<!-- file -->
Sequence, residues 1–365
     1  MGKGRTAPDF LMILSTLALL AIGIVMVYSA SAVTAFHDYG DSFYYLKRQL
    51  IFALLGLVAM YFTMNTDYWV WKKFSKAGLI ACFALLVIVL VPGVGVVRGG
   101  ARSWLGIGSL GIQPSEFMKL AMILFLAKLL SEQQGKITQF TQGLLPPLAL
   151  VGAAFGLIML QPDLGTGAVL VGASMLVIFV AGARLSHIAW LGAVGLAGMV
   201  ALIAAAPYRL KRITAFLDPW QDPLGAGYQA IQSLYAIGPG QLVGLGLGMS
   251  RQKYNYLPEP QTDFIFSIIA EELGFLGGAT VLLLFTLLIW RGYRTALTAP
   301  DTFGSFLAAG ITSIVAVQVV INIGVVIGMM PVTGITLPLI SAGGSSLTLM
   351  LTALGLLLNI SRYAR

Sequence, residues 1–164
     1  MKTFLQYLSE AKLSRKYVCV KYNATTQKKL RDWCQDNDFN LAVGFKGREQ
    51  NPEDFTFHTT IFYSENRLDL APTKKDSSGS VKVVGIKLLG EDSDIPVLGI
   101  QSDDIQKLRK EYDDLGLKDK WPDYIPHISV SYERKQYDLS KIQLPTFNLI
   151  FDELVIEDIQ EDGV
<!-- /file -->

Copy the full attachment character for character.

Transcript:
Sequence, residues 1–365
     1  MGKGRTAPDF LMILSTLALL AIGIVMVYSA SAVTAFHDYG DSFYYLKRQL
    51  IFALLGLVAM YFTMNTDYWV WKKFSKAGLI ACFALLVIVL VPGVGVVRGG
   101  ARSWLGIGSL GIQPSEFMKL AMILFLAKLL SEQQGKITQF TQGLLPPLAL
   151  VGAAFGLIML QPDLGTGAVL VGASMLVIFV AGARLSHIAW LGAVGLAGMV
   201  ALIAAAPYRL KRITAFLDPW QDPLGAGYQA IQSLYAIGPG QLVGLGLGMS
   251  RQKYNYLPEP QTDFIFSIIA EELGFLGGAT VLLLFTLLIW RGYRTALTAP
   301  DTFGSFLAAG ITSIVAVQVV INIGVVIGMM PVTGITLPLI SAGGSSLTLM
   351  LTALGLLLNI SRYAR

Sequence, residues 1–164
     1  MKTFLQYLSE AKLSRKYVCV KYNATTQKKL RDWCQDNDFN LAVGFKGREQ
    51  NPEDFTFHTT IFYSENRLDL APTKKDSSGS VKVVGIKLLG EDSDIPVLGI
   101  QSDDIQKLRK EYDDLGLKDK WPDYIPHISV SYERKQYDLS KIQLPTFNLI
   151  FDELVIEDIQ EDGV